Toward a New Understanding of Intelligence

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Toward a New Understanding of Intelligence

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“Based on current measures of intelligence, how many kids are falling through the cracks and not being identified as gifted?” That is a question posed by Dr. Scott Kaufman, a psychologist, author, and Co-Editor of The Cambridge Handbook of Intelligence,

The short answer is “a lot.”

When we think of intelligence, one of the first things that comes to mind is intelligence testing.  What we refer to today as intelligence testing wasn’t called that at all at the start.  While Alfred Binet is credited with the first intelligence test, that was far from his intent when he and his colleague developed the Binet-Simon scale in 1908. The purpose was not to predict future performance, but simply to identify students who were in need of alternative educational approaches.

Fast forward a century, and current intelligence tests all seem to test different things.  And, in fact, individuals may perform quite differently on different tests.  The concept of what matters and what does predict future performance is rapidly changing.

Kaufman points to data showing that measured IQ can vary 16 to 26 points, depending on which test is taken. And while there is a high level of reliability for many commonly used IQ tests in the short-term, the correlation between performance on these tests decreases as the time period between them lengthens. In one study, only half the students performing in the top 3% were still testing at that level a year later, and only 35 to 40% were scoring at that level a few years later.

Exceptional achievement (which giftedness has theoretically been predicting) has a variety of characteristics that don’t seem to have much to do with traditional views of intelligence, according to Kaufman. Love of work, persistence, having a purpose in life, deep thinking, tolerance of mistakes, being open to change, risk-taking, feeling comfortable as a minority of one and a future image of themselves are the things that seem to matter, with the last in the list – having a future image of themselves — being the most important.  When do we ask students whether they have a future image of themselves or help them develop one?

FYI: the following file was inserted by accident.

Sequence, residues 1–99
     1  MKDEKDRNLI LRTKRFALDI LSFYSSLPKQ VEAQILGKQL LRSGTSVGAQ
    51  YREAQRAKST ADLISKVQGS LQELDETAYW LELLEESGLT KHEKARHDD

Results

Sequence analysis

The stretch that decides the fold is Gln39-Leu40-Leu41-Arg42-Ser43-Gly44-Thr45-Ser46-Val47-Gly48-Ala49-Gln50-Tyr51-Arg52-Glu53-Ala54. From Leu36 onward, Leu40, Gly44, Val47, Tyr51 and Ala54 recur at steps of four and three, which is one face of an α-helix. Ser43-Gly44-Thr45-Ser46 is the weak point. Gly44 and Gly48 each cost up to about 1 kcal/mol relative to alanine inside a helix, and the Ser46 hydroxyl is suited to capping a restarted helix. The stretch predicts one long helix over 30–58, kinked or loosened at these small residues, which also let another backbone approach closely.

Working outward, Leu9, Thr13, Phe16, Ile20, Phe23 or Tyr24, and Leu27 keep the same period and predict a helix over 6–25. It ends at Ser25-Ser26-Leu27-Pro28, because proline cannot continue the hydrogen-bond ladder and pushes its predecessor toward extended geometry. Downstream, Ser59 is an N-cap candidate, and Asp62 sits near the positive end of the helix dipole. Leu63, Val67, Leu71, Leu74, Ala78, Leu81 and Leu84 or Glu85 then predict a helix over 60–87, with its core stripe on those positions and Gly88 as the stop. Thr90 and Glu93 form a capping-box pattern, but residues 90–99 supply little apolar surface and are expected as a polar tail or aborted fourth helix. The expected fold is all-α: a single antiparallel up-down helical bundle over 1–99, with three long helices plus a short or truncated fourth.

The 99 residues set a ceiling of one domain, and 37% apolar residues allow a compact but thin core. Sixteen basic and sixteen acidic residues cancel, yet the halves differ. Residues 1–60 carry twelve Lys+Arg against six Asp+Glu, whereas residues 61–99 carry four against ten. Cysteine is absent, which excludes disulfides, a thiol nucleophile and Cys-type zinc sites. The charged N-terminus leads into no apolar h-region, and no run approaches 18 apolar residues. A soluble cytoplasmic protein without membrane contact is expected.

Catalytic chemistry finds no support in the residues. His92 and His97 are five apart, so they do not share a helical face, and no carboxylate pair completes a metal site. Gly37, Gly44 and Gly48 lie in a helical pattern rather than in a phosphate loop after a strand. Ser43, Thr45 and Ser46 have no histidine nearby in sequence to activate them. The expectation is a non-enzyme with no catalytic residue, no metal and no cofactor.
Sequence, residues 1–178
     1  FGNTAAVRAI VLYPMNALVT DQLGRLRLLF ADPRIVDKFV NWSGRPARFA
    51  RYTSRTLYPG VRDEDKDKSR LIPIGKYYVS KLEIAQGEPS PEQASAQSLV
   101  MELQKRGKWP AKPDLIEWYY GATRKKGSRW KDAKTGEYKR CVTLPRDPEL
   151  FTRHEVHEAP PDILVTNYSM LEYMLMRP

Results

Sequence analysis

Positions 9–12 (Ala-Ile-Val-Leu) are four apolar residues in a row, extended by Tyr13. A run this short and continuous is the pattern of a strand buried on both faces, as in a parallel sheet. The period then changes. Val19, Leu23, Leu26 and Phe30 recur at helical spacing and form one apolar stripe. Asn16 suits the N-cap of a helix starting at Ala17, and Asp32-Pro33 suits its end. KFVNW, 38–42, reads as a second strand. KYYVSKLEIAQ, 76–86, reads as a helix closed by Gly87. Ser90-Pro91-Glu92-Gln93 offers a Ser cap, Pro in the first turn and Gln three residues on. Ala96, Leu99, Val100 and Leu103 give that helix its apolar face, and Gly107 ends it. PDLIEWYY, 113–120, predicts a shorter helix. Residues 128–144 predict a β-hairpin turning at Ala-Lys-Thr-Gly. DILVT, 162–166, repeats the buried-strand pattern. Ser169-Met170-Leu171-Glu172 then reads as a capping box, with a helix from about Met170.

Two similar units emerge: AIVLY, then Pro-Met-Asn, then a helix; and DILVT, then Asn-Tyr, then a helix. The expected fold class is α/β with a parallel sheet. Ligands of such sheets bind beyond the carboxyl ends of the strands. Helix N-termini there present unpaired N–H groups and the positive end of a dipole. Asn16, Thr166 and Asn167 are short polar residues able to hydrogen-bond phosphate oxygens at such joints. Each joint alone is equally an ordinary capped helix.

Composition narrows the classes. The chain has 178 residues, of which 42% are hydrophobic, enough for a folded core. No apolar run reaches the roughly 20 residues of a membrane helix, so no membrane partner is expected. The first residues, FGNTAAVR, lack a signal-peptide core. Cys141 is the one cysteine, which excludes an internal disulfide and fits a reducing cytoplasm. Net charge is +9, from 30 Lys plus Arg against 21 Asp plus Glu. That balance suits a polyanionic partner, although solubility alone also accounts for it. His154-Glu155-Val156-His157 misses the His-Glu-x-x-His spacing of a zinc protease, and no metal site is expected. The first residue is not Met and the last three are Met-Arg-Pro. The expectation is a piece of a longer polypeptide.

Research seems to be showing that it is the connection between the imagination network (the medial surface of the brain) and the executive network (the prefrontal cortex and associated areas) that seem to best predict extraordinary achievement. The new vision of intelligence, according to Kaufman, is that it is “the dynamic interplay of engagement and ability in the pursuit of personal goals.”

In this new vision, many more children can (and would) score in a gifted range, and there are many flavors of gifted. These include the traditional definition (often called fluid intelligence), but could show up in other flavors – spatial, verbal, creative, leadership, emotional/social, motivations, grit…  Unfortunately, there are few or no gifted programs that measure these abilities.

Moreover, potential is likely more a moving target than a fixed limit. As Carol Dweck’s work underscores, IQ can change and having a “growth mindset,” that is, believing that one’s IQ can change (and, therefore, pursuing effective learning strategies) is an important predictor of performance. The more we engage in something, the more our potential to excel in that thing grows

It’s time to throw out our old mental models of intelligence and start to embrace what David Shenk in his popular book of the same title, “the genius in all of us.”


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